Designing Hydrogels with Energy Dissipation and Rapid Elastic Recovery Through Network Architecture
Literature seminar abstract
Recently, hydrogels have shown promise in a wide variety of materials applications from membranes to soft tissue replacement. The polymer network structure provides an avenue to tune mechanical properties such as elasticity and modulus. However, the swollen polymer chains do not dissipate energy well making hydrogels very brittle; a single crack can cause catastrophic failure of the material. In 2003, Gong and coworkers developed a double network hydrogel to dissipate energy through breaking of covalent bonds in a highly cross-linked first network.1 This design increased the toughness of the gel, but the modulus could not be recovered.2 Since then, there has been a push to design tough hydrogels which can recover quickly and elasticly.3 Two recent high profile studies will be discussed in this seminar to explore hydrophobic association and ionic bonds networks as energy dissipation and recovery mechanisms. Chen and coworkers designed a hydrogel with two physically cross-linked networks.4 The agar and hydrophobically associated polyacrylamide hydrogel was soft, highly stretchable, and dissipated energy, but only recovered 60% of its modulus after 120 minutes. Alternately, Gong used cationic and anionic monomers to form weak and strong crosslinks within the polymer network.5 The weak crosslinks “unzip” by breaking the ionic bonds to dissipate energy and then return to 100% of the hydrogel modulus after 120 minutes. The comparison of these mechanisms will be used to determine a strategy for incorporating energy dissipation into current hydrogel networks without sacrificing the material’s elastic properties.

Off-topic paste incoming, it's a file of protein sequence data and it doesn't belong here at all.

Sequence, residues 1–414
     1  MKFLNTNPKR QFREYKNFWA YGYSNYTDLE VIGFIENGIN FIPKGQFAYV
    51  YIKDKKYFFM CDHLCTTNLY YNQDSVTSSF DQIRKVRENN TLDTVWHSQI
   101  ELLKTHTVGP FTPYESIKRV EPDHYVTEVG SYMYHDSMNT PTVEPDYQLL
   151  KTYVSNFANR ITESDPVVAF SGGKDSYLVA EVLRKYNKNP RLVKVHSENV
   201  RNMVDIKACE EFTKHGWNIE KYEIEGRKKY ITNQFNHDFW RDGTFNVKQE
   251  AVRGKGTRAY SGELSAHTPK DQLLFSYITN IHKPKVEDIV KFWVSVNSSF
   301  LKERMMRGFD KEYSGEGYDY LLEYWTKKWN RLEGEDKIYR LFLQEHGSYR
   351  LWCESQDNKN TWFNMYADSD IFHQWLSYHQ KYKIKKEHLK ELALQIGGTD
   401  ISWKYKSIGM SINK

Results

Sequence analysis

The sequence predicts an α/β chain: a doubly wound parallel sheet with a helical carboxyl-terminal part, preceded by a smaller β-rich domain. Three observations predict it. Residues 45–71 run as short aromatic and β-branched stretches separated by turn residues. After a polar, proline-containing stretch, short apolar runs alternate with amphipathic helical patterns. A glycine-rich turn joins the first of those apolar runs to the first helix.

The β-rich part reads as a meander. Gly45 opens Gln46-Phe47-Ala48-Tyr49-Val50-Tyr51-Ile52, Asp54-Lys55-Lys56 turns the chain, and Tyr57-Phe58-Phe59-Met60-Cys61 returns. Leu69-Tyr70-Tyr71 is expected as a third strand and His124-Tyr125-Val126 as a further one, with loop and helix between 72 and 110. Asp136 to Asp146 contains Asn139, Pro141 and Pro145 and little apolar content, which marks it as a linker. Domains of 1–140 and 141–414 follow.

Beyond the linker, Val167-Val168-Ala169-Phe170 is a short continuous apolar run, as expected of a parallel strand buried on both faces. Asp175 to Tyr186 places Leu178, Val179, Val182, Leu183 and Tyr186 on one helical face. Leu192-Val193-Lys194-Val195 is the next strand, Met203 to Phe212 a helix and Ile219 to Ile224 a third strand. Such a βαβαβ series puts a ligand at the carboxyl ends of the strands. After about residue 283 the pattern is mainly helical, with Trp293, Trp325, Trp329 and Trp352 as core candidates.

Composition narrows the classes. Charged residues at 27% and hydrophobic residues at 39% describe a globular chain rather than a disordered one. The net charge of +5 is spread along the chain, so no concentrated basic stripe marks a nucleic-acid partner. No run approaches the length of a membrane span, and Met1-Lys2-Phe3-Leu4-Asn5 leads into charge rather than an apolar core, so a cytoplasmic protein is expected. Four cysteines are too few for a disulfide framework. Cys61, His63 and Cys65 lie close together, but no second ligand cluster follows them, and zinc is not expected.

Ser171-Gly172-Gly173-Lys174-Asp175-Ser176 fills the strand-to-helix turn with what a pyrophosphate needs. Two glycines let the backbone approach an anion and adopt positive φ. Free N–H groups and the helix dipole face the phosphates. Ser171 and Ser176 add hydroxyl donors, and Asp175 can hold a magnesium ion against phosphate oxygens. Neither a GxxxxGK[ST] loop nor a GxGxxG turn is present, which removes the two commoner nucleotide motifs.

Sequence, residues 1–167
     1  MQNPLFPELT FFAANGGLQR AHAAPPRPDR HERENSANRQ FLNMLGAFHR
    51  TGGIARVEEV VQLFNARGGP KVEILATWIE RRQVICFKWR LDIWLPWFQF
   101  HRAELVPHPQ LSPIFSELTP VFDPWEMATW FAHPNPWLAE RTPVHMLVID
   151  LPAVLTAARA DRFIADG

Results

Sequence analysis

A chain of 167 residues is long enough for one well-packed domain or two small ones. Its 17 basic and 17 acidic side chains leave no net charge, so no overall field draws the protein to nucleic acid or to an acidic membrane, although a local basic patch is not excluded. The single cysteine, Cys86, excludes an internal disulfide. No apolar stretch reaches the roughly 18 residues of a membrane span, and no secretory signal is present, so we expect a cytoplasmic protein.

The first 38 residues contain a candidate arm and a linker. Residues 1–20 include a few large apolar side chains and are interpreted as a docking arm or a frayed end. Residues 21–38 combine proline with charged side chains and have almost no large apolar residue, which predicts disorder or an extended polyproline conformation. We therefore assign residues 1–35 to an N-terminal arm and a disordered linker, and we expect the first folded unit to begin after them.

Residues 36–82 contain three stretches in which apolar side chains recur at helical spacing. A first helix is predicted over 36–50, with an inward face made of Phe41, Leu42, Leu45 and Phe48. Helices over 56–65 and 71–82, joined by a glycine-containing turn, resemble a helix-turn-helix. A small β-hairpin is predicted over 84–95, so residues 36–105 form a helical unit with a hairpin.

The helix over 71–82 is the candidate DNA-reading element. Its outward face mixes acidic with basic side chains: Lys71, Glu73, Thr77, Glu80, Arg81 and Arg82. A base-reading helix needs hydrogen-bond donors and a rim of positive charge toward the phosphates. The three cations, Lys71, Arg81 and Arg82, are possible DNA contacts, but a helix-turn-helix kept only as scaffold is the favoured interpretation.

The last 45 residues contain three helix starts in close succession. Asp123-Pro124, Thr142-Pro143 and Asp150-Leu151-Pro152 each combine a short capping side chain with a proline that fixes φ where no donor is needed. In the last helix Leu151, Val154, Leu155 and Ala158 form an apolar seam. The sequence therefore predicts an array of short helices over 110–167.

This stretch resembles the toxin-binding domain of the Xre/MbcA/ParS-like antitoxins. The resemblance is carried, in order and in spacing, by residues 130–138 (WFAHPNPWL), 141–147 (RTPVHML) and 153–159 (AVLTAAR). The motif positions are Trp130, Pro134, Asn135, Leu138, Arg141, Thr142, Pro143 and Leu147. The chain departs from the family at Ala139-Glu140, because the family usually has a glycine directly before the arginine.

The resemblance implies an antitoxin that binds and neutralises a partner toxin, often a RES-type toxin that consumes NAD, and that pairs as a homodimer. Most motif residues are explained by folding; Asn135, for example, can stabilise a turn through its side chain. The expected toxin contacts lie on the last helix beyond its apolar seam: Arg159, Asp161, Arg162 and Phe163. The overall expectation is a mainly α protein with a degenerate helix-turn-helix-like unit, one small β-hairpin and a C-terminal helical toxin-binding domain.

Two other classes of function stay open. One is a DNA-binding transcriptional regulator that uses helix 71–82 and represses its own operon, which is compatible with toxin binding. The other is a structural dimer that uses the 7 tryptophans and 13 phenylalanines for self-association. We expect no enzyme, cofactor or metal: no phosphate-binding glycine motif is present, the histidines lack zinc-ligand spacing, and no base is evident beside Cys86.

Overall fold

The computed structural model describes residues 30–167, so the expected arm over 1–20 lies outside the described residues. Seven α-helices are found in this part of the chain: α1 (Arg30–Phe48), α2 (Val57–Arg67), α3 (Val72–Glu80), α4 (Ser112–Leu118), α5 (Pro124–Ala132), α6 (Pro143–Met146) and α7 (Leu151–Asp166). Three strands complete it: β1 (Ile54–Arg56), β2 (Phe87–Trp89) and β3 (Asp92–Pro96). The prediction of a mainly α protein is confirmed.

(1) Gong, J. P.; Katsuyama, Y.; Kurokawa, T.; Osada, Y. Adv. Mater. 2003, 15 (14), 1155–1158.
(2) Webber, R. E.; Creton, C.; Brown, H. R.; Gong, J. P. Macromolecules 2007, 40 (8), 2919–2927.
(3) Zhao, X. Soft Matter 2014, 10, 672-687.
(4) Chen, Q.; Zhu, L.; Chen, H.; Yan, H.; Huang, L.; Yang, J.; Zheng, J. Adv. Funct. Mater. 2015, 25 (10), 1598–1607.
(5) Luo, F.; Sun, T. L.; Nakajima, T.; Kurokawa, T.; Zhao, Y.; Sato, K.; Ihsan, A. Bin; Li, X.; Guo, H.; Gong, J. P. Adv. Mater. 2015, 27 (17), 2722–2727.
Speaker: Allee Klug
Speaker Institution: Colorado State University
Event Date: 11-10-2017
Event Time: 4:00 PM
Event Location: Chemistry A101
Mixer Time: 3:45 PM
Mixer Location: Chemistry B101E
Host: T. Bailey